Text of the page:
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The people who have seen you naked, financially speaking, have some ideas about how you can better manage your money in 2018.

Financial planners and investment advisers in my LinkedIn network were asked a few weeks ago to complete this thought: "If I could change one thing about how Canadians manage money, it would be to…" Here are some highlights from 199 comments covering a great range of topics, starting off with overspending and undersaving.

Note the sense of urgency in many of these comments. Taken together, they suggest a genuine sense of worry about excessive spending and not enough saving and investing. Cynics will say advisers are just prospecting for more money to invest with their suggestions, but that's an evasion. Given the record household-debt levels in this country, all ideas for improving our finances deserve a hearing.

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Here's how the planners and advisers answered the question:

"Have them save 10 per cent of their T4 income first, and enjoy spending the rest." (note: The T4 is a tax slip documenting how much gross income you were paid by an employer)
-Barry Rebuck, adviser

"Have them learn to live on 80 per cent of their after-tax income and save the rest for retirement."
-Brenda Antonyshyn, chartered financial analyst (CFA)

"Have them live below their means. Simplify their financial lives and stop trying to keep up with the Joneses. The Joneses are in debt."
-Cheryl Campbell, certified financial planner (CFP)

"To have them ensure their cost of living never exceed their actual revenues."
-Mathieu Joubert, certified public accountant

"Understand that FOMO – fear of missing out – is driving many of your money decisions."
-Meghan Chomut, CFP

"Don't fall into the trap of using your home equity line of credit as your personal ATM. Budgeting instead of borrowing. Understand the real cost of 'buy now, pay later.'"
-Karen Sage, CFP

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"Stop spending money you don't have to buy crap you don't need to impress people you don't know."
-Robert Gignac, financial industry speaker and author

"Plan for the unexpected. Life will throw you a curve ball – new roof, sickness, disability, etc."
-Angel Georgijev-Low, CFP

"Understand that paying off debt is the only guaranteed positive rate of return."
-John Harvey, manager of public investments at Nunavut Trust

"If I could change one thing about how Canadians manage money, it would be invest in themselves before investing in a portfolio. The greatest return is an investment in your skills and your greatest earning power comes from those skills. Invest in yourself first and allow the dividends from that investment to fund your portfolio."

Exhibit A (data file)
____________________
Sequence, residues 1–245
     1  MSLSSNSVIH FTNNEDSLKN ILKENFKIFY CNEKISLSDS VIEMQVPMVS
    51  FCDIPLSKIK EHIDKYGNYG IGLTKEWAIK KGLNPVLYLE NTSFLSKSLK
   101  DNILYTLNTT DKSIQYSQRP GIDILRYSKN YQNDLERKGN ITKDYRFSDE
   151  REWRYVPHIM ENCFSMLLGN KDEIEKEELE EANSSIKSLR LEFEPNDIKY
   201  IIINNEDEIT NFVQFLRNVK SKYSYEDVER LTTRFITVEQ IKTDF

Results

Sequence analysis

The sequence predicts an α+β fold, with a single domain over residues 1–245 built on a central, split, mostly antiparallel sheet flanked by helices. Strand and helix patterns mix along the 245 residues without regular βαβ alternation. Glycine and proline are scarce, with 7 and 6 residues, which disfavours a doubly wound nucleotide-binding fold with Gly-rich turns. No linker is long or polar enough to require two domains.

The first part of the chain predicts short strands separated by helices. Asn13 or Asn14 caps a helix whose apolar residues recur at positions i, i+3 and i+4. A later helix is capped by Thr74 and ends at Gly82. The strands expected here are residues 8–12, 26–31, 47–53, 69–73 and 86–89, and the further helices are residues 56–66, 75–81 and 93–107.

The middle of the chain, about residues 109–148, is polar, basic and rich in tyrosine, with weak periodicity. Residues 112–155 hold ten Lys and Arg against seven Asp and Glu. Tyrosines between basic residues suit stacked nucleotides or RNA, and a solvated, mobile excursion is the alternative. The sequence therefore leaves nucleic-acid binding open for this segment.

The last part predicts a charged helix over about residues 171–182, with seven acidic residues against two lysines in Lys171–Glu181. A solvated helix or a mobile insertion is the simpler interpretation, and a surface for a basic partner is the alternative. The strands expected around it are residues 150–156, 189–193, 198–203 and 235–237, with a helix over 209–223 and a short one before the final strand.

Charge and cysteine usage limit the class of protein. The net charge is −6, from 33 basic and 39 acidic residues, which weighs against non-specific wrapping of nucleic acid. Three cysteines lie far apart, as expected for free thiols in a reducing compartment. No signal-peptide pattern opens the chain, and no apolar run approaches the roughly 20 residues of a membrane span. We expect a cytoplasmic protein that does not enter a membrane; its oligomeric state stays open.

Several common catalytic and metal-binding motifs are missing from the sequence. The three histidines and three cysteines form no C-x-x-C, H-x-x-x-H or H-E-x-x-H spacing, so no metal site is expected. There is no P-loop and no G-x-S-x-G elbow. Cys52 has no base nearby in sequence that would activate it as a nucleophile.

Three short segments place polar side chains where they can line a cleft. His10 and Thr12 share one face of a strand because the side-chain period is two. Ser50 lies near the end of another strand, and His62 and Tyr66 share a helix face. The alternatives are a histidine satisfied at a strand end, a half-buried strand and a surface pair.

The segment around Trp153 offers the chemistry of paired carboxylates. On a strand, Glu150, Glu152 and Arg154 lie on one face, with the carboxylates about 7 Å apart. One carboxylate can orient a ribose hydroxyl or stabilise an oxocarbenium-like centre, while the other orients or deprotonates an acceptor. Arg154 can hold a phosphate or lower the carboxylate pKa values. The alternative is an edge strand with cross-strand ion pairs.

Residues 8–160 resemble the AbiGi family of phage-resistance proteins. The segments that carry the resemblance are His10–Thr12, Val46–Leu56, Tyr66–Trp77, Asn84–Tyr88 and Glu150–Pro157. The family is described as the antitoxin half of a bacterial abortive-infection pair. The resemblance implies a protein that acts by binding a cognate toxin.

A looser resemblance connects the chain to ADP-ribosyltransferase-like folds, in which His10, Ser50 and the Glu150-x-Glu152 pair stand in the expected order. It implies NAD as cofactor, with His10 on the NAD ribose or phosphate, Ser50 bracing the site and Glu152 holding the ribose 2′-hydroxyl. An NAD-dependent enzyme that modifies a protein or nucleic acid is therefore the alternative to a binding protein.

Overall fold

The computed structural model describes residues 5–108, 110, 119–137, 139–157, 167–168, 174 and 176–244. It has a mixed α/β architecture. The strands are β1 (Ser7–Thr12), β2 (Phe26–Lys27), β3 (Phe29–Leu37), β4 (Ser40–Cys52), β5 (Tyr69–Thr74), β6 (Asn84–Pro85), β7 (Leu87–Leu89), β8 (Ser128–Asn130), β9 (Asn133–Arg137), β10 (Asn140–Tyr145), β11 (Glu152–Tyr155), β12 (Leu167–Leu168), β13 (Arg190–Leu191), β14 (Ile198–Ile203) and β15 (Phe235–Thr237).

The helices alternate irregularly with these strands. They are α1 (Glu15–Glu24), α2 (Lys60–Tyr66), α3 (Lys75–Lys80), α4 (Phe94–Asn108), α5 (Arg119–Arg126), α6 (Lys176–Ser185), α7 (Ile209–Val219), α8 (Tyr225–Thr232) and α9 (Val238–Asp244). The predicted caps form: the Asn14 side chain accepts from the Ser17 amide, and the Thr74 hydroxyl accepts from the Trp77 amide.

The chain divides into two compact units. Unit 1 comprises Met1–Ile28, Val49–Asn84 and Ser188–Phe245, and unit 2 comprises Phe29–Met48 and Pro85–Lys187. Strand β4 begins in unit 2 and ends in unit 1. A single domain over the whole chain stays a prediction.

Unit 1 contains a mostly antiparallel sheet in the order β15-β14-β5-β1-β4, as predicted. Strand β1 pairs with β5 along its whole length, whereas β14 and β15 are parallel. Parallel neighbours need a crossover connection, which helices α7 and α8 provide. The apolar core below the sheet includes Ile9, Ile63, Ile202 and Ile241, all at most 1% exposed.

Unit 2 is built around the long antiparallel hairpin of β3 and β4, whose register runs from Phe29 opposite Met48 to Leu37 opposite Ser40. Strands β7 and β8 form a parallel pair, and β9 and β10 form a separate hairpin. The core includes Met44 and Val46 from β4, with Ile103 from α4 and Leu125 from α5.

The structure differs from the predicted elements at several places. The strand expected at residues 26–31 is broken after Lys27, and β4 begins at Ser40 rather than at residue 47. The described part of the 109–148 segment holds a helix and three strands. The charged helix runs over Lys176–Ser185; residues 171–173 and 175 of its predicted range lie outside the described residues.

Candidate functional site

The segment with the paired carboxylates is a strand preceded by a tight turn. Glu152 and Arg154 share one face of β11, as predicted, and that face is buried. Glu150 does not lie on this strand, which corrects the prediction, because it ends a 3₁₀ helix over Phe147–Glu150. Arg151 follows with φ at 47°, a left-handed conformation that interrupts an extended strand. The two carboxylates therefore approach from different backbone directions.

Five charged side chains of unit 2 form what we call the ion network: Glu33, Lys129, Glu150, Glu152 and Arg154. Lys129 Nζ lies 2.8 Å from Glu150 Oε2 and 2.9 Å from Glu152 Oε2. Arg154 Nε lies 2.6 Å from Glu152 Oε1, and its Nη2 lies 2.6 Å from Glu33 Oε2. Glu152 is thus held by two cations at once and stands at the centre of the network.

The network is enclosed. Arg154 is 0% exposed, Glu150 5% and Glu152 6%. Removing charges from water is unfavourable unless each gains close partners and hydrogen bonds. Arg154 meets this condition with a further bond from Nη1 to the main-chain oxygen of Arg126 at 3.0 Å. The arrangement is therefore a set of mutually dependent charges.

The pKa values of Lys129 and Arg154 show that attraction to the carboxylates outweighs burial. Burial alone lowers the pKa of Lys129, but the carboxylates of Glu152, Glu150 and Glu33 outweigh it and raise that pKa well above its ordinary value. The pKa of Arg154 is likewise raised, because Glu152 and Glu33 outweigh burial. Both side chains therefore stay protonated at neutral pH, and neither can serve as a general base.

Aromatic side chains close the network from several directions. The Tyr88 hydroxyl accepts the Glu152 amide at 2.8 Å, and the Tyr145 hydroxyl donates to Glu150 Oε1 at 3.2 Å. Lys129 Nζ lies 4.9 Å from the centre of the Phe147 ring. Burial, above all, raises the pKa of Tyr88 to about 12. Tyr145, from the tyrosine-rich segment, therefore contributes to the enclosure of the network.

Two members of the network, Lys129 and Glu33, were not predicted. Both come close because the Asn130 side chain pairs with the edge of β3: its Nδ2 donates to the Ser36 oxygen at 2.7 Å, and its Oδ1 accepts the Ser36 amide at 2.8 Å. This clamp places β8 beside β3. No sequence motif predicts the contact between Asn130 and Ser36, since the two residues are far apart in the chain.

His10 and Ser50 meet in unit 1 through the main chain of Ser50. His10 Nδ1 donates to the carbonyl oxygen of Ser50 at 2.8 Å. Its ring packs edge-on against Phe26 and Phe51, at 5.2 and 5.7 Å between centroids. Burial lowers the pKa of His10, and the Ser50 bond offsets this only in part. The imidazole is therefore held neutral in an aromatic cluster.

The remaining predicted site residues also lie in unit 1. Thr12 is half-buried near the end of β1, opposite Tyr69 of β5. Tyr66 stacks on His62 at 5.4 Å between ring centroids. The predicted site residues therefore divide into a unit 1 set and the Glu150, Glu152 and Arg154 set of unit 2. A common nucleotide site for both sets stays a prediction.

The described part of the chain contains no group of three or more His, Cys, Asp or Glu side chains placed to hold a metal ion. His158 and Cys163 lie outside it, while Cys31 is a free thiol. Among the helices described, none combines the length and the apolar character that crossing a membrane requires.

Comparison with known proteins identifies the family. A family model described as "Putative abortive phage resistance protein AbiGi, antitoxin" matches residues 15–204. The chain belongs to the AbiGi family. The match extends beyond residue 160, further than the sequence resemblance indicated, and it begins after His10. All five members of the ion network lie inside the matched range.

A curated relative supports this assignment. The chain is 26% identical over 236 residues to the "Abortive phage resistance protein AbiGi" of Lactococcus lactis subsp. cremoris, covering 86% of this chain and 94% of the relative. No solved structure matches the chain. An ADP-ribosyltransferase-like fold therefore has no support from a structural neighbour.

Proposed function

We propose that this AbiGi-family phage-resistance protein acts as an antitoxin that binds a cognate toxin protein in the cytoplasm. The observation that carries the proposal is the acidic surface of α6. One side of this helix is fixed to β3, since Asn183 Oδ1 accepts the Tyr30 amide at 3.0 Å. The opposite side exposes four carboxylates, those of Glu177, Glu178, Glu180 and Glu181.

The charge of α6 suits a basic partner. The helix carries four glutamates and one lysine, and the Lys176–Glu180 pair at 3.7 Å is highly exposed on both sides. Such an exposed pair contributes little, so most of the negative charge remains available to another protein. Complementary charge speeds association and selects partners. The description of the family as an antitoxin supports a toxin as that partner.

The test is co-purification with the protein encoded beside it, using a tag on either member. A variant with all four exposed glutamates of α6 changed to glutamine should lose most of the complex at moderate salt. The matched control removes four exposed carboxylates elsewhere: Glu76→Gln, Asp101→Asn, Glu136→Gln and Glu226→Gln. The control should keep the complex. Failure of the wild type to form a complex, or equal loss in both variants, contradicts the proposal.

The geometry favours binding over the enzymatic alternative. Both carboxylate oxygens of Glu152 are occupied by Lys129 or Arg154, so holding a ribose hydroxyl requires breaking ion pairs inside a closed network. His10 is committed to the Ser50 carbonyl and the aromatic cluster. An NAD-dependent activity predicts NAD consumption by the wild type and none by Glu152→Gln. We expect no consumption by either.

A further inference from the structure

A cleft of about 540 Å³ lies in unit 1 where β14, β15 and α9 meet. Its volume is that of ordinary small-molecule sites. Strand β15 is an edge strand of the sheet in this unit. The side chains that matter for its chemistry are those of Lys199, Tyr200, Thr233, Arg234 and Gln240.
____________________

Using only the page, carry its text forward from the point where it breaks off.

-Lampros Parousis, private client wealth adviser

On the role of housing in your investment planning:

"Understand that an investment in real estate is NOT guaranteed to go up."
-Amandeep Sangha, CFA

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On investing:

"Realize that Canada is only 3.2 per cent of world capital markets and a very poorly diversified index. [It] lacks health care and technology exposure, two huge growth sectors for decades to come."
-Larry Berman, chief investment officer, ETF Capital Management

"To not be overweighted in Canadian bank stocks."
-Connie Brown, chartered market technician (CMT)

"Understand that investing is a marathon, not a sprint. Do not allow irrational and impulsive emotions to alter your long-term plan."
-Aleem Israel, CFA

"Understand the compounding effect fees have on your long-term returns. For most people, they can save hundreds and thousands of dollars by moving to lower fee products."
-Steve Bridge, money coach

On retirement:

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"To have a better understanding of how much you really need to save in order to retire comfortably. Find an adviser who asks you what your goals and values are and who doesn't just focus on performance and fees."
-Julie Reimer, CFP

"To plan on living (and working) a lot longer than your parents' generation."
-Marc Vincelli, statistical consultant

"To retire when you have practised living on your retirement budget. I have seen people fairly adamant that their grocery budget for two adults would be $300 a month. Perhaps I need to take some shopping lessons from them!"
-Margaret Clarke, personal financial planner (PFP)

On working with an adviser:

"Ask questions and be engaged – financial/retirement planning is a team sport."
-Derrick Lindsay, financial adviser

On quick fixes:

"There is not one thing they can do … it is not that easy. Saving more does not work without saving right and leaving it saved. Saving in a registered retirement savings plan only to pull the money out and use it as a down payment for house is just another taking-from-Peter-to-pay-Paul scenario. If you cannot save for house and save for retirement, perhaps you are buying too much house, or too early, or in a neighbourhood you cannot truly afford."
-Dan Noonan, investment adviser

Rob Carrick speaks with insolvency trustee Doug Hoyes, on the trouble with debt; Should you always pay yourself first when it comes to finances?
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